From $1 Purchase To $20 Million Host: The History Of TPC Sawgrass

A Brief History of TPC Sawgrass

This week in Ponte Vedra Beach, Florida, 144 of the best players on the planet will descend upon the brainchild of former PGA Tour Commissioner Deane Beman, who in the late 1970s secured a plot of 415 acres from Jerome and Paul Fletcher for $1.

The Players Championship began in 1974, but without a permanent home. Beman, who had become the commissioner that year, shepherded the event around the Southeast for three years before settling on Sawgrass Country Club in 1977. Hoping to make Sawgrass CC the event’s permanent home, Beman offered to purchase the club, but was turned down.

Instead, Beman found the Fletchers’ land across the A1A, which due to the construction of the highway, had become an upland that in most cases was under a foot of water. The topography of the land and its penchant for holding water made it a de facto swamp, forcing renowned golf course architects Pete and Alice Dye to clear the land infested with snakes and alligators.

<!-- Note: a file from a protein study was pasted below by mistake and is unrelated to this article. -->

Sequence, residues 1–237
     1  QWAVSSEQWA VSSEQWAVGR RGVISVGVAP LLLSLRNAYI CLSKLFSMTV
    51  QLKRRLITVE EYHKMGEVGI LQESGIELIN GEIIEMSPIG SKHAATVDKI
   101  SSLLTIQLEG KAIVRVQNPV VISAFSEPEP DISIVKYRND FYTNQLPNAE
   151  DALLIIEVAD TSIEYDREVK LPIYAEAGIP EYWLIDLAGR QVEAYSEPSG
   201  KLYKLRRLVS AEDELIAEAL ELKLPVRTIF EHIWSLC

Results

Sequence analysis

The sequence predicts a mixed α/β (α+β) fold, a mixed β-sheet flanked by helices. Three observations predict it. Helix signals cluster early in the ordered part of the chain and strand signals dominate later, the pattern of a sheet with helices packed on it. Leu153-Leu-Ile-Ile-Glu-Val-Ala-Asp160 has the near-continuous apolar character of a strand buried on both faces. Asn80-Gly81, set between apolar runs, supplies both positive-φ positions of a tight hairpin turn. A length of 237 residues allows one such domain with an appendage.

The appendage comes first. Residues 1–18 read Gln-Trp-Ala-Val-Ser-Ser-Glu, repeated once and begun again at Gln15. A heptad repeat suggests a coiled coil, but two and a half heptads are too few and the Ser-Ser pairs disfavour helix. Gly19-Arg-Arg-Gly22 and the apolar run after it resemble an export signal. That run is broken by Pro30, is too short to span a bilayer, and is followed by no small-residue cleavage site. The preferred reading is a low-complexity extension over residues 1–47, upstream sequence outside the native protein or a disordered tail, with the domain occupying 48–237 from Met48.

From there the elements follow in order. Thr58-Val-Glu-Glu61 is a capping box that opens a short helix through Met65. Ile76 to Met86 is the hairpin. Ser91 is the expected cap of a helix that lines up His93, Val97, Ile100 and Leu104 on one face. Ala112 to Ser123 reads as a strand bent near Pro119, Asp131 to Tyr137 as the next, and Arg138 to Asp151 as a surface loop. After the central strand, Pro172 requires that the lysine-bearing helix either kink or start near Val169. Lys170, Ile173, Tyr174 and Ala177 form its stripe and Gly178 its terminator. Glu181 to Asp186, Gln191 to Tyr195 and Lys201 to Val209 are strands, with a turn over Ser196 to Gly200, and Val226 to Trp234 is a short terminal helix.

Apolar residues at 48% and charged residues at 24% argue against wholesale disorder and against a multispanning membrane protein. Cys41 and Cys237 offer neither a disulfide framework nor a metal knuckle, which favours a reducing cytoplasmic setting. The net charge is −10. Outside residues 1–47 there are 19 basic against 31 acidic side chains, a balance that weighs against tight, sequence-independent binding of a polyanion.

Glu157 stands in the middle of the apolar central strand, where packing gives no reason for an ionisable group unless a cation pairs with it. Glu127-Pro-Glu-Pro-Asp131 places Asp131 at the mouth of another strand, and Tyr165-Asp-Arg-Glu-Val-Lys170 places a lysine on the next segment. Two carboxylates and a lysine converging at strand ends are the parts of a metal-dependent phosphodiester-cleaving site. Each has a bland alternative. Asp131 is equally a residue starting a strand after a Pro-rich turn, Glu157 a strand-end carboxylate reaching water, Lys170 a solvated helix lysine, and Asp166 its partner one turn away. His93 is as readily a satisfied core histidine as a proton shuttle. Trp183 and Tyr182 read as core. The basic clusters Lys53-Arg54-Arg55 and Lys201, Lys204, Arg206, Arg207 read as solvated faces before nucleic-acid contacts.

Of course, the Stadium Course at TPC Sawgrass was to be built with fans in mind, resulting in Dye transforming the land, which he had noted had no more than 18 inches of elevation above the waterline at any point on the property. As a result, the water hazards that dot TPC Sawgrass were created not only to dictate strategy but also to build up various course contours and the “stadium” mounding for easy viewing.

Most famously, the island green 17th hole was originally meant to be played along one of these dug-out lakes, but the required fill to create the mounding left a massive hole. It was Pete’s wife, Alice, who suggested simply making the short par-3 into an island green.

In all, only 40 acres of the original 415 were set aside for tees, fairways and greens.

In 1982, one year later than originally planned due to “a hundred year storm,” the Stadium Course at TPC Sawgrass hosted its first Players Championship to decidedly mixed reviews. Ben Crenshaw called it “Star Wars golf, designed by Darth Vader.” Jack Nicklaus quipped he’d never been good at “stopping a 5-iron on the hood of a car.”

Dye tweaked the Stadium Course until his death in 2020 with opinions softening as Dye’s design features did as well.

Now in its 41st year hosting the event, the Stadium Course at TPC Sawgrass has become one of the most recognizable, albeit diabolical courses on the PGA Tour; a test the players have come to both know and respect.